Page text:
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FEEDING IN DROUGHT

With it being a dry Autumn after a dry Spring and Summer, most of us have a great lack of feed in the paddocks for the donkeys. There are a number of problems to be considered in relation to drought when feeding donkeys.


One "problem" is that donkeys are very good doers, and dry droughty country is their natural habitat. Donkeys will keep themselves alive eating every skerrick of dry grass, every seed, every root or strip of bark. They stay alive in conditions in which everything else starves. However this leads to a problem, and that is that they'll ruin the paddocks. They will bare the soil till it blows or washes away and also eat the seeds that need to stay in the soil to germinate into new grass once it rains (though they won't get the smaller seeds of broad leaf weeds like Salvation Jane, which aggravates any weed problem you have). This means once the cover of dry grass in a paddock is down to 70% (at a bare minimum) (i.e. when you look down at the ground the view is 70% dry vegetation and 30% visible dirt) donkeys (and sheep, etc) must be taken off the paddock. If you have another paddock in better

condition, you move them; otherwise they must be moved to yards. If you hand feed hay in the paddock they will keep scrounging around just for something to do and keep making it barer, so when the cover in the paddock reduces to 70% they must come out.


A yard needs to be big enough for the donkeys to move about (say 20 metres across) and be flat to reduce erosion, and have shelter (shed or trees), good fencing, and water trough. If you have a number of donkeys it's better to have only a few per yard and to keep like with like (young stock, or geldings, or pregnant jennies) so each group consists of ones that can all be fed the same.


Donkeys (like horses) need sufficient fibre to keep their gut functioning. This is very important as insufficient fibre will lead to colic and illness. They also need sufficient nourishment, with enough calories and protein for body maintenance and growth, and enough vitamins and minerals for health. Growing youngsters need more calories and protein for body maintenance and growth, and enough vitamins and minerals for health. Growing youngsters need more calories and protein, vitamins and minerals per kilogram of body weight than mature geldings which is why they need dividing into different groups.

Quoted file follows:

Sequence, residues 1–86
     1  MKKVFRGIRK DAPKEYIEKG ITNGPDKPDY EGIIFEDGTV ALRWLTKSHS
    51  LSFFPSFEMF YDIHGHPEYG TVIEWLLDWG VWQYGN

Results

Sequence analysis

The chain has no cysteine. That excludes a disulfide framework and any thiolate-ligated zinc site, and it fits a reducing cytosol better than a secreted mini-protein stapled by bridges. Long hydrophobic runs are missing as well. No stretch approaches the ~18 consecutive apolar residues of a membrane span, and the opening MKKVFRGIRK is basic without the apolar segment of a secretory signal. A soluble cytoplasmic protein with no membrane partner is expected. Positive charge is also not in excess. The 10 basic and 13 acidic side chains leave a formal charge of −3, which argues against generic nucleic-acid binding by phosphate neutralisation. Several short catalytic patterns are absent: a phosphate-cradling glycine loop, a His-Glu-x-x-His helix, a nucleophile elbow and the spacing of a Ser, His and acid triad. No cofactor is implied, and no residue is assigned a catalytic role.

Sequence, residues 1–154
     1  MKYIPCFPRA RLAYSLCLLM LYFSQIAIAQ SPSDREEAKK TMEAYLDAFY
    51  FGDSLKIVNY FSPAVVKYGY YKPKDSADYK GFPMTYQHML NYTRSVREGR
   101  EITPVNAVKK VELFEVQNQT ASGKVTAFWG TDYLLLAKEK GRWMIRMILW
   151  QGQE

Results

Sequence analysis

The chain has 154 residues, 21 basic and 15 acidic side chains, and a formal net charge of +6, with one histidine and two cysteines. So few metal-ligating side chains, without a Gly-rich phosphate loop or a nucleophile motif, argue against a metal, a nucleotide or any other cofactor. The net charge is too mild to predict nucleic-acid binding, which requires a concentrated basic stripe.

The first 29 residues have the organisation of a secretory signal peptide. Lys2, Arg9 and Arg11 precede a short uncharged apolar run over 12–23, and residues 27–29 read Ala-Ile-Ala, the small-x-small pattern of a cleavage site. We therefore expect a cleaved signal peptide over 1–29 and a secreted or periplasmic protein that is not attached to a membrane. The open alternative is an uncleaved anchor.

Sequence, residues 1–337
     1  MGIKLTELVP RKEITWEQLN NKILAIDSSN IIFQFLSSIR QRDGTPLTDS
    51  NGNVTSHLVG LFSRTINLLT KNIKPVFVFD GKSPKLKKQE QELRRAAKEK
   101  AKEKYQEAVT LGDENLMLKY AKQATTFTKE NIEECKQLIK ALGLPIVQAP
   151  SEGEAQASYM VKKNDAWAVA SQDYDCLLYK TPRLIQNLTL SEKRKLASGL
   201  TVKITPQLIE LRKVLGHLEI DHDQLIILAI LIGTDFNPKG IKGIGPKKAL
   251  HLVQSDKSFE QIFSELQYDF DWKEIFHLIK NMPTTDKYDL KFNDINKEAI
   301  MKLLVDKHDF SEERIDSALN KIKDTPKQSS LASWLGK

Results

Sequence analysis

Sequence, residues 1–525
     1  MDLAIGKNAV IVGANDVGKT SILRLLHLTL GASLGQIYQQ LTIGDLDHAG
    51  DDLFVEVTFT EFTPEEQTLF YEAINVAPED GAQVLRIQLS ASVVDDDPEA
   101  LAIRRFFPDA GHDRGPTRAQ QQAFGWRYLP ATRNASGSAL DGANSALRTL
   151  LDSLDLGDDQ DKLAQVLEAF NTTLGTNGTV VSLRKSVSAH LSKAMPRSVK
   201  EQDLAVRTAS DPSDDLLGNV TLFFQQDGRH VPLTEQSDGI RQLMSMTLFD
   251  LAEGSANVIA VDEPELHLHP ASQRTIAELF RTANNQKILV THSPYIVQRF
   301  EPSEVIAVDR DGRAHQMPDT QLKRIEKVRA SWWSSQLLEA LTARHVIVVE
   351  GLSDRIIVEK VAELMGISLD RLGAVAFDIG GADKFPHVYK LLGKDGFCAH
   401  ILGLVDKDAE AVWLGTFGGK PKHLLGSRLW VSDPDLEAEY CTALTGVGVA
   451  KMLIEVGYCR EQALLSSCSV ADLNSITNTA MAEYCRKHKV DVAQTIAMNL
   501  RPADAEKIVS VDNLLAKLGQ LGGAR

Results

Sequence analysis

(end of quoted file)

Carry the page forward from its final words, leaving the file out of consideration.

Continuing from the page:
The amount of fibre needed per day is a minimum of 1.5% of body weight, dry matter. So, a 11.2 to 12 hand donkey, weighing around 200kg, needs 3 kg of dry food a day (hay, straw, chaff, pellets). Small square bales of hay tend to weigh 25 to 28 kg each. Straw bales about 20kg. Weigh them at home (hold bale and step on scales, put the bale down, weigh yourself and substract), or weigh the bales at the feed store where they should have scales

for stock feeds. Chaff is cut up hay and the chaff bag will be sold by weight. So one bale of hay would last the donkey about 1 week. However, if given the 3 kg of food a day as hay the calorie count would be too high and the adult donkey would get fatter and fatter. Straw is lower in calories per kilogram of food. Most hays are also too high in simple sugars and can lead to laminitis and chronic lameness and hoof problems if too much is fed. Cereals and grasses cut for hay as they run up to flower (which is the usual time of cutting) tend to be very sweet. Lucerne is actually lower in sugar, but is high in protein and calories. Meadow hay

is often listed as the best hay for donkeys and it would be if it was just mixed grasses cut from a meadow; however a lot of what is sold as meadow hay is planted rye grass and other very high sugar grasses developed for fattening cattle and sheep, so you need to check.


Barley straw is the best for donkeys, but wheaten straw is the second choice. Straw is the residue of the grain crop after the grain has been reaped, and is just the dry yellow stalks. For the hypothetical 200kg adult donkey, yarded, give 2 to 2 and a half kilogram of straw, half to 1 kilogram of hay (part cereal and part lucerne, or all meadow hay), and give 200g of a bagged food like Hygain Zero or other food made for horses at rest and prone to laminitis (that is, very low sugar, low starch) a day. The pellets can be fed when training as rewards, instead of being put in a container at feed time. Young donkeys or pregnant donkeys need extra vitamins and minerals and so should be given a supplement like Kohnke's Donkey Supreme, or similar horse supplement (these are just little pellets of vitamins and minerals, with no food component). Mature donkeys will get enough calcium and so on from the lucerne and the bagged pelleted food.


Watch the donkeys weights and cut back the hay and pellets if getting fatter (or increase if getting thinner). Worm the donkeys. Once it rains it will take weeks before the grass has grown well enough to be grazed, so we have many weeks of managing the donkeys' feed before they can be turned out again. Training and being taken for walks will add interest to the donkey's day.


Helen Robertson

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